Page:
A Florida judge has made a ruling that is sure to have brisket fans as steamed as a pastrami.

Palm Beach County Circuit Judge Timothy McCarthy effectively found that, for legal purposes in one particular case, there is no difference between Jewish-style deli brisket and Texas-style barbecue brisket.


According to the Palm Beach Post, the dispute stemmed from two restaurants in the same Boca Raton shopping center, Shorty’s and Ben’s of Boca. Shorty’s, a regional barbecue chain, moved in three years ago, directly across from Ben’s, a New York-based kosher deli.

Ben’s lease agreement granted it exclusive rights to serve the fatty beef cut in the shopping center. Shorty’s, which reportedly makes about 5 percent of its total annual revenue off of the “signature dish,” was explicitly banned from serving it.

During the trial, McCarthy showed that he understood the difference between the smoked and slow-braised briskets. But he still found the “sale of any presentation of this cut of meat is prohibited and restricted by anyone other than Ben’s, using clear and unambiguous language in both Ben’s lease and Boca Shorty’s restrictions.”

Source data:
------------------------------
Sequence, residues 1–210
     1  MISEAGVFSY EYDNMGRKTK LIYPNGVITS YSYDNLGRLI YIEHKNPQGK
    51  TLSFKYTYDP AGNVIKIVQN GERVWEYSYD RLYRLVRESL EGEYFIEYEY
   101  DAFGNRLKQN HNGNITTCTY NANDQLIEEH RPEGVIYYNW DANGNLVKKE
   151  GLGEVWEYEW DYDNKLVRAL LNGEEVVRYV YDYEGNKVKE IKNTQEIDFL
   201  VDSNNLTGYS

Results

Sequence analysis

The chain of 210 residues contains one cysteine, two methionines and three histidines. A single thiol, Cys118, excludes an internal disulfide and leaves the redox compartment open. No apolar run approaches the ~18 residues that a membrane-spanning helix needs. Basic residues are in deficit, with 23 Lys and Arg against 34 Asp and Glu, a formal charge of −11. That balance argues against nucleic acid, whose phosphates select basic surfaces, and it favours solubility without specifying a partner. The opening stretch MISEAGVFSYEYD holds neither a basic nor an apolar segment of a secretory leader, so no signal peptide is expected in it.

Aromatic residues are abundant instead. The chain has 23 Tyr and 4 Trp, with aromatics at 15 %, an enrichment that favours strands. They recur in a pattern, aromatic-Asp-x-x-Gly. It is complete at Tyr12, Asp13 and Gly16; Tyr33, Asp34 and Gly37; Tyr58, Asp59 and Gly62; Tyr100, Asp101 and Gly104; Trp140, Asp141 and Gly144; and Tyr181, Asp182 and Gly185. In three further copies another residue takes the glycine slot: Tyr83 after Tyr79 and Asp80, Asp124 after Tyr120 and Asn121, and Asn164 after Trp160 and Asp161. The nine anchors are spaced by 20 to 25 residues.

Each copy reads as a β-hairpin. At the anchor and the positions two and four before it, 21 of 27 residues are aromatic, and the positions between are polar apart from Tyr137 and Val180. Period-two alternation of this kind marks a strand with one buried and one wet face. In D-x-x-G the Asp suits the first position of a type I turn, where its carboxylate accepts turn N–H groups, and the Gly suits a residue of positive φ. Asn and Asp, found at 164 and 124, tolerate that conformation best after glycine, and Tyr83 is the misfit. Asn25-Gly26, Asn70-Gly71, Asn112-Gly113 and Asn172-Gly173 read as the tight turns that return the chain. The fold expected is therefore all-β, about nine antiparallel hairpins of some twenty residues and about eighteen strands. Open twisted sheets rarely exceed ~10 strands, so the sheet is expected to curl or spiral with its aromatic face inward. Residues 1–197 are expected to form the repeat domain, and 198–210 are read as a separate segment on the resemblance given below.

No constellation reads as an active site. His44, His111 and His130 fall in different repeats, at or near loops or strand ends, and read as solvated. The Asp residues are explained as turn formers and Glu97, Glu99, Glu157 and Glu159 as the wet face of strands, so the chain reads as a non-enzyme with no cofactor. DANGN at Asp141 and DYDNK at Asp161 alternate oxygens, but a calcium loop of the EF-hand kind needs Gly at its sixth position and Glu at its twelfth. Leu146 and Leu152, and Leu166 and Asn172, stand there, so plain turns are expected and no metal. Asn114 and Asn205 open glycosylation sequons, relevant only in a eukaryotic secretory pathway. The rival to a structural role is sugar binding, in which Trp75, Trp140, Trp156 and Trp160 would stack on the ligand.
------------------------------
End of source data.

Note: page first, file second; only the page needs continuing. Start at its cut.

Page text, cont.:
However, voicing the opinion of brisket aficionados everywhere, Shorty’s attorney Sam Spatzer insists the restaurants aren’t in competition.

“People who want barbecue brisket don’t want deli-brisket, and people who want deli-brisket don’t want barbecue brisket,” he said. “It’s apples and oranges, as far as I’m concerned.”